1

As fas as I know, by default digital pins are set as inputs. Arduino has internally only pull-up resistors, which you can use in that way: digitalWrite(pinOut[i], HIGH); in first setup() line (without pinMode(pinOut[i], OUTPUT);). If you need LOW state on start-up (pull-down resistors), you have to use an external resistor.


1

I would unsolder the switch then solder in a FET in the configuration shown below. The FET will act as a switch and may be controlled with any digital output from your Arduino board. When selecting a FET makes sure you find something that will fit the foot print you have to work with on your board, and the gate-source threshold voltage is rated to handled 5V....


1

Most relays have their ratings written on them. You can also find all the information you need in the datasheet for that relay. Search for the part-nr in your favorite search engine. You need to find a relay that can handle at least 24Volt DC. Not AC as relays can handle a much higher voltage at AC than they can at DC. You also need to check how maximum ...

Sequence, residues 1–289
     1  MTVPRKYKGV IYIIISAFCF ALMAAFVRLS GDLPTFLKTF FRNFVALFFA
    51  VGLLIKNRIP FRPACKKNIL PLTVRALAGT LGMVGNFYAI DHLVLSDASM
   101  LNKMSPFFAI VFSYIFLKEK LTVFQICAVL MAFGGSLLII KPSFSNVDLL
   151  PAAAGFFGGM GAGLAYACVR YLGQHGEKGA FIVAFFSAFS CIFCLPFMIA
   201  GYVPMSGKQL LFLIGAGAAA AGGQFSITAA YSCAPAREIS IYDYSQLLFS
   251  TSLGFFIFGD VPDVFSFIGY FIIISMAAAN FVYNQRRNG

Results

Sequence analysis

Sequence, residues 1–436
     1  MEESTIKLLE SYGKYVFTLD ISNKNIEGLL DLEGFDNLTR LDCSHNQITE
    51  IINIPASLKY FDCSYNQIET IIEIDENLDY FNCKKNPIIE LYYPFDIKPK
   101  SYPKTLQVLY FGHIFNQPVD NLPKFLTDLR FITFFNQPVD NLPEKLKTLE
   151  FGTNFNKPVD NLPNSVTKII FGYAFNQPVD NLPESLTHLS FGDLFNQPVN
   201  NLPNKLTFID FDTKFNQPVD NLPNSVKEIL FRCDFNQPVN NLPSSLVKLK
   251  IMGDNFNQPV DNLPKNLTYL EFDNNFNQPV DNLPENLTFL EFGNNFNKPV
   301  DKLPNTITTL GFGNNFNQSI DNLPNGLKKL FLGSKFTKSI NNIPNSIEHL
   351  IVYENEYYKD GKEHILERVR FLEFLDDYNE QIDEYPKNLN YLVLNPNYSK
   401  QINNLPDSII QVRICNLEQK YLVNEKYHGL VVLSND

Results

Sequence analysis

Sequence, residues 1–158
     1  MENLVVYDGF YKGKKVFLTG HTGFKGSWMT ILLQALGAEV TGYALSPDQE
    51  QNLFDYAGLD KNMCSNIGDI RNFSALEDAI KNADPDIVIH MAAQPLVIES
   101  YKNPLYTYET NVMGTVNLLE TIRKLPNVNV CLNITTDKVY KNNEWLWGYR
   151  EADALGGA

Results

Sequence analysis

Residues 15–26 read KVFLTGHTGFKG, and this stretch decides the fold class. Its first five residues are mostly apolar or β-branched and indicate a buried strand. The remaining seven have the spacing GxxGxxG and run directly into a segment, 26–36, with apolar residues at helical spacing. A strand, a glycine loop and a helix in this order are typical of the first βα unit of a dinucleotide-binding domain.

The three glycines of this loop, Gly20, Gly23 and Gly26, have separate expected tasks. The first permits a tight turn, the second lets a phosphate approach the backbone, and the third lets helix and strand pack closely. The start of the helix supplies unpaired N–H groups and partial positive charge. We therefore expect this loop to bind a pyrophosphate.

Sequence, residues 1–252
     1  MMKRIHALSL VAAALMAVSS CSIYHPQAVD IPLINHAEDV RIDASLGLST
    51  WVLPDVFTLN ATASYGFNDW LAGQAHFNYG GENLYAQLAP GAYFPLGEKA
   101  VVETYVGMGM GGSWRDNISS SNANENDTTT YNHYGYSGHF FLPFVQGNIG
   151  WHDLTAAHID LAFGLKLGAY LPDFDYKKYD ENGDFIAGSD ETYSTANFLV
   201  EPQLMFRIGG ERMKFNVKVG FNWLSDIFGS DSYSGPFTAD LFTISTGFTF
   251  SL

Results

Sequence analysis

1

IO pins 0, 2 and 15 are boot configuration pins. 15 must be LOW at boot, 2 must not be LOW at boot and 0 determines the flashing mode. For normal run pin 0 must be HIGH. The NodeMcu board has necessary pull-up and pull-down circuits. You can connect to pins 0, 2 and 15 only devices which don't change the boot state.


1

do I have to duplicate that circuit just for the relay? No, not really, no. Is the ATTINY capable of triggering a 12v relay via ground? The ATTtiny is capable of triggering a transistor - the transistor is capable of triggering a 12V relay. Unless your relay is incredibly high powered and the coil takes (and generates through back-EMF) massive amounts ...


1

NC is "Normally Connected" - this contact is connected to COM ("common") if coil of the relay is not powered - the relay is disconnected. NO "Normally Open" is connected to COM when the coil of the relay is powered - the relay is connected. Some relays have the coil powered when the signal from MCU is LOW. If the coil of the relay doesn't click, but the ...


1